@Tom "..only in time will you be vindicated or proven wrong, but I can assure you Jim's thoughts on electric cars aren't shared by the majority of management and the board of directors at BMW in Munich"

As you can probably guess, in this case I'd rather be proven wrong than right.

It is not surprsing that within any company there would be a lot differences. Sometimes we need visionaries like Ghosn, Musk or Lutz who put their personal weight and reputation behind what looks to be a risky decision.

Funny thing is 10% of the market is actually a substantial number - in the US that would be more than 1 Million cars a year. So, there is nothing wrong with what Jim said - but just the way he said it is not useful neither to the EV cause nor to BMW. Afterall Ghosn has said EVs will have 10% marketshare in 10 years and everyone thinks he is being optimistic !

· · 7 years ago

But his comment "electric vehicles “won't work” for more than 90 percent of the population" is with regards to their functionality not a comment on potential market share. These are very different concepts. If the average commute in the US is 33 miles round trip, how's it possible the LEAF, with far more range than that, "won't work"? What is it about the LEAF technology which "won't work" for 90 percent of the population? Oh and by the way, the LEAF owners now have empirical data that the LEAF will work for even much longer commutes than 33 miles round trip. In fact, I would say Jimbo has it backwards, the LEAF will work for more than 90% of the population!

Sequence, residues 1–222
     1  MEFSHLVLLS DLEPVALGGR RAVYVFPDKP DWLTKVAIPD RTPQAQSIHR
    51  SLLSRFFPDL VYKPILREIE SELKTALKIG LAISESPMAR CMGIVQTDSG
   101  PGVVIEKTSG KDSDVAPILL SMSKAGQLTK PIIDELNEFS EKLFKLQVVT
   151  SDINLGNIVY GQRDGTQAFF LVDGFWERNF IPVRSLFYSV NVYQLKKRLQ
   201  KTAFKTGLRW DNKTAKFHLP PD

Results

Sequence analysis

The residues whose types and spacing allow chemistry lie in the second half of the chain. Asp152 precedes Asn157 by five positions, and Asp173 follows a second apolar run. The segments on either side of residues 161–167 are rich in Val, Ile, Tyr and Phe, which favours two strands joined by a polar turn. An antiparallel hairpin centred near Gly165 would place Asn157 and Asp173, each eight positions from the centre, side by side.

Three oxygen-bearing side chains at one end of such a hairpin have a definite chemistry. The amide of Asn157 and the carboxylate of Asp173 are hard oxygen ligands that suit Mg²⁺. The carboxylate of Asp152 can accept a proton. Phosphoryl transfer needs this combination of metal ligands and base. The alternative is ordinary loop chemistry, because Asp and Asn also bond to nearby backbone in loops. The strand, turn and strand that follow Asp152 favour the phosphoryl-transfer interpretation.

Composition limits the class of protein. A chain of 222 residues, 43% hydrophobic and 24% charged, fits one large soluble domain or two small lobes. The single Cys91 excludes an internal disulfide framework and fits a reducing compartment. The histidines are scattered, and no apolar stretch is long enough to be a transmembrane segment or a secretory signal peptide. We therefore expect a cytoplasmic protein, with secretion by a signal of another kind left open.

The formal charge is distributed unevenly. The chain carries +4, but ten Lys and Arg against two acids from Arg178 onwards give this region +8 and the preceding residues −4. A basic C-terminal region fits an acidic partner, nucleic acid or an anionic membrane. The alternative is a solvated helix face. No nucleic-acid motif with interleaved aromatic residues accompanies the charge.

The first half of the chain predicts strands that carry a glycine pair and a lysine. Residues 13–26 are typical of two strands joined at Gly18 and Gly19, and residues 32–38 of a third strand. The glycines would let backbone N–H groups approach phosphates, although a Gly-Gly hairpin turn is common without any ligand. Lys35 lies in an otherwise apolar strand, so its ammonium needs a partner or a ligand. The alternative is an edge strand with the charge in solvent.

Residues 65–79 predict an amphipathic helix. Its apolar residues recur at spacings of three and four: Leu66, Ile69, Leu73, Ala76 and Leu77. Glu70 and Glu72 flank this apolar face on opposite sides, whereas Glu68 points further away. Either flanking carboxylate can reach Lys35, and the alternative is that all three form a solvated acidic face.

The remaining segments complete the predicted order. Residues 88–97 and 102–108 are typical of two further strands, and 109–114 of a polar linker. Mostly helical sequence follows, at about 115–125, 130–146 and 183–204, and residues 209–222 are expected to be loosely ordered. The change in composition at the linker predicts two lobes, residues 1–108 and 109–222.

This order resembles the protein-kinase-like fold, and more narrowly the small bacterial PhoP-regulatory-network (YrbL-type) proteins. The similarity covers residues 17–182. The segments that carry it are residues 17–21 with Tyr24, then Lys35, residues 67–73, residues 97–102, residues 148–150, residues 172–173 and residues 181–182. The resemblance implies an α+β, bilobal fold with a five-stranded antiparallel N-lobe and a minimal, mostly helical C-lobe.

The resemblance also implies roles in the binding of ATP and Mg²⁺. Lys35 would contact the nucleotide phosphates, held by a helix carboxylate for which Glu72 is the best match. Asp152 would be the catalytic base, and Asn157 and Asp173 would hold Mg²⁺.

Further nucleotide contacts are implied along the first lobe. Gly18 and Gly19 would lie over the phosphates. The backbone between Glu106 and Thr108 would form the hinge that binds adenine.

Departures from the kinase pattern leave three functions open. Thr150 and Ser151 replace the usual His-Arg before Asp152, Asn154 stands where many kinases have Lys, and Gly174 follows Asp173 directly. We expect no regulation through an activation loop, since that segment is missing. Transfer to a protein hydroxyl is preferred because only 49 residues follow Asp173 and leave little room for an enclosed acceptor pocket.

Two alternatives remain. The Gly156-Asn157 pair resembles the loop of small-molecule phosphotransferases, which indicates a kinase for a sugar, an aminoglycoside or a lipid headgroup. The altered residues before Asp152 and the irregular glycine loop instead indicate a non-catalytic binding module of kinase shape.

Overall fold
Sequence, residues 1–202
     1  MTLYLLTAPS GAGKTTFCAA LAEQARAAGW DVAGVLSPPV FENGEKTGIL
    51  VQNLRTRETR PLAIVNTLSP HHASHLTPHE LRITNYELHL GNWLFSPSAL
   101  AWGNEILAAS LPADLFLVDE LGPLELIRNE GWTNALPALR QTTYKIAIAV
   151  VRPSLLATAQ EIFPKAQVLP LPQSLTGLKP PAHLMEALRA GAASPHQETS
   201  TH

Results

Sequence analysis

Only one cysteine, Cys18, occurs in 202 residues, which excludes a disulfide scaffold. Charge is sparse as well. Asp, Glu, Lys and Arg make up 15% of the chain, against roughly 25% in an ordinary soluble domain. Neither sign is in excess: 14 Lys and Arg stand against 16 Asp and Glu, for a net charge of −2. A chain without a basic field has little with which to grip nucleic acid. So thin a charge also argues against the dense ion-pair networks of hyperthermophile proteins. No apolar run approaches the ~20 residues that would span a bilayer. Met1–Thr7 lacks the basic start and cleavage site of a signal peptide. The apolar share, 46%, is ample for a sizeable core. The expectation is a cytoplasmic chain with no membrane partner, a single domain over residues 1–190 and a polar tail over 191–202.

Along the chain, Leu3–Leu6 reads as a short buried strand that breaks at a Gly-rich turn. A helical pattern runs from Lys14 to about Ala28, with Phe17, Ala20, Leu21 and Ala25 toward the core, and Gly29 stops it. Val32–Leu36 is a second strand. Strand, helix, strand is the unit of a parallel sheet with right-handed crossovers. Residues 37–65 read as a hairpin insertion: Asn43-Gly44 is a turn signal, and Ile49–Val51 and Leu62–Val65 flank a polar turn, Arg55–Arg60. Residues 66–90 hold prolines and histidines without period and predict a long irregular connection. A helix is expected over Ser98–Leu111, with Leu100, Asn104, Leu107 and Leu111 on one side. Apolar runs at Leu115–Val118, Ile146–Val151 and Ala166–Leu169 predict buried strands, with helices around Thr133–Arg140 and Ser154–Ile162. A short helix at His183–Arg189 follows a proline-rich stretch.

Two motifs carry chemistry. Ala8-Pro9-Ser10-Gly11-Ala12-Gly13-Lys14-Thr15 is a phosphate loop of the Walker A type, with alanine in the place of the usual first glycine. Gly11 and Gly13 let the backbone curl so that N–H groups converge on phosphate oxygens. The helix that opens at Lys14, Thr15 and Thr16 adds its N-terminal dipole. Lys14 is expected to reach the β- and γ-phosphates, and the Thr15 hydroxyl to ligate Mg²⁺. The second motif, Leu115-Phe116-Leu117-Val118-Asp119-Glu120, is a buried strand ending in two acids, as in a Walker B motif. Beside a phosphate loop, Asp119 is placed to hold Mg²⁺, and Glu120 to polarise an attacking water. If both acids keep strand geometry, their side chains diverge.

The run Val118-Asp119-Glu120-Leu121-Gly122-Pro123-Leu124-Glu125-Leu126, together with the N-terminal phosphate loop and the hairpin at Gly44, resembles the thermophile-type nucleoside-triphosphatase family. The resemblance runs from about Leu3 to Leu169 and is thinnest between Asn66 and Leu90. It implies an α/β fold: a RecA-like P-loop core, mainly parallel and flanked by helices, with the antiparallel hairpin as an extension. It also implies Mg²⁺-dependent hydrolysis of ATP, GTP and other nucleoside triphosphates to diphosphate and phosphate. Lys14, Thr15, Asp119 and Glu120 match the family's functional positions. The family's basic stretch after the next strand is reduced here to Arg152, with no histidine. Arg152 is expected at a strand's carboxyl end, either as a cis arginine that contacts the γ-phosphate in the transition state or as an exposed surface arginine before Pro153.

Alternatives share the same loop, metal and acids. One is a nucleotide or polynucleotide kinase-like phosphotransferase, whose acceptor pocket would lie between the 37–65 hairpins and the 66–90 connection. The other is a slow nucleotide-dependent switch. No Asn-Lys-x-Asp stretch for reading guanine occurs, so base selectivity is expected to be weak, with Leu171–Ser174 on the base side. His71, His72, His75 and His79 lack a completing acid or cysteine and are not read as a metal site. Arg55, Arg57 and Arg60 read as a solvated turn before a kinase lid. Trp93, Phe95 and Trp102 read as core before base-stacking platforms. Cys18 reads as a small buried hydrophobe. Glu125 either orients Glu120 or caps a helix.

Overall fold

· · 7 years ago


Yes, the marketshare comment and the "won't work" are quite different. But as I said, it is really a question of framing. In a recent survey (Nielson's ?) only 3% said they are seriously considering EVs. So, that is % who think EVs wil work for them. Rest think they won't.

As to what % EVs actually work is not an easy question. Afterall people don't buy cars to make them work for their "average" drive. They would want the cars to be able to handle a very large majority of their transportation needs.

· · 7 years ago

Well, the last paragraph apparently got left out in my earlier post.

Given that 60% of American families have multiple cars, I always tell people that they should replace one of their cars with an EV. i.e. target EVs for families rather than individuals. Detractors always talk about individuals (and thus questions like, what do you do when you have to go far or only good for a "second" car etc). We should remind them that the target, for the most part, is a family.